Renting is the best option for a lot of stuff. The idea that you have to buy a television, or a car, or an electric drill just because that's what people do is simply wrong—and it can be expensive. It's much cheaper to rent these things than it is to buy them outright.
Renting also works well for items you use infrequently (like snow blowers), items you're only going to use for a short period of time (like tents or hot tubs) and tools that are used exclusively for work (like power tools).
You can save cash on a budget, but you have to be smart about it.
If you have a budget, it's easy to save cash on a budget. That's because the two go hand-in-hand: having a budget means knowing how much money you can spend each month, and saving that money becomes much more manageable after you've created your monthly plan.
To get started, write down all of your expenses for one month (or longer for more accuracy). This includes rent or mortgage payments, car payments and insurance premiums. Then add up the total amount of money spent during this period. Next, take whatever is left over—that's how much additional cash you have each month!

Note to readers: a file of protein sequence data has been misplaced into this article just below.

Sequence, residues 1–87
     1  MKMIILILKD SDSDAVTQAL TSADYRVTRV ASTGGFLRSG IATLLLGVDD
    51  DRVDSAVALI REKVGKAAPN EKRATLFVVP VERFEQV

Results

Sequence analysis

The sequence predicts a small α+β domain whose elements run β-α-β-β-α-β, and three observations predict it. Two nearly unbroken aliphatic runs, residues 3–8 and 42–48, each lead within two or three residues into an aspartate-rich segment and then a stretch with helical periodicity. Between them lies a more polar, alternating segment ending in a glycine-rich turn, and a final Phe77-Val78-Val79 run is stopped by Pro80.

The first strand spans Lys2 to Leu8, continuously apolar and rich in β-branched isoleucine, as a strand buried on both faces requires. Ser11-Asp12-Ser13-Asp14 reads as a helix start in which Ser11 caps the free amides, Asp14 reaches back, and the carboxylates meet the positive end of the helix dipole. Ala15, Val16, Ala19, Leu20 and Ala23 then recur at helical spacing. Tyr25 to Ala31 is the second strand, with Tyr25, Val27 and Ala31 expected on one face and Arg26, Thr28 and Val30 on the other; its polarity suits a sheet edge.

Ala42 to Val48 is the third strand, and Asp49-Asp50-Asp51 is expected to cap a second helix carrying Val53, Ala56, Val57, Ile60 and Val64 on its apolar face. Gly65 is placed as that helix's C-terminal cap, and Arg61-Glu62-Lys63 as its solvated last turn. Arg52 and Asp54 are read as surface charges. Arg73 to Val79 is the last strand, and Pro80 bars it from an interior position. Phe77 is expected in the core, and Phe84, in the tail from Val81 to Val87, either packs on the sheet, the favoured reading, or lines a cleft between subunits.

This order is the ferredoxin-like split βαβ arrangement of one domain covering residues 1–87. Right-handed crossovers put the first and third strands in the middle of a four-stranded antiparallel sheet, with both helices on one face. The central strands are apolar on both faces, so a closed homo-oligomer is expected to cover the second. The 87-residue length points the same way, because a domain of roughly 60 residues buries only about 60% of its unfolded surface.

Once you've determined how much cash is available to save from an entire year's worth of spending data, it becomes easier to decide exactly where those extra funds should go. For example, if there are $500 left over in a given year after paying all other bills but before taking out any loans or credit cards—it may be worth investing that extra fiver into savings or paying off debt instead of putting it towards retirement savings (see next step).
What you’ve learned here is that you can save cash on a budget, but it takes some work to do so. We hope that these tips help you get started in saving money and reaching your financial goals.
This article is accurate and true to the best of the author’s knowledge. Content is for informational or entertainment purposes only and does not substitute for personal counsel or professional advice in business, financial, legal, or technical matters.
© 2022 Shanon Sandquist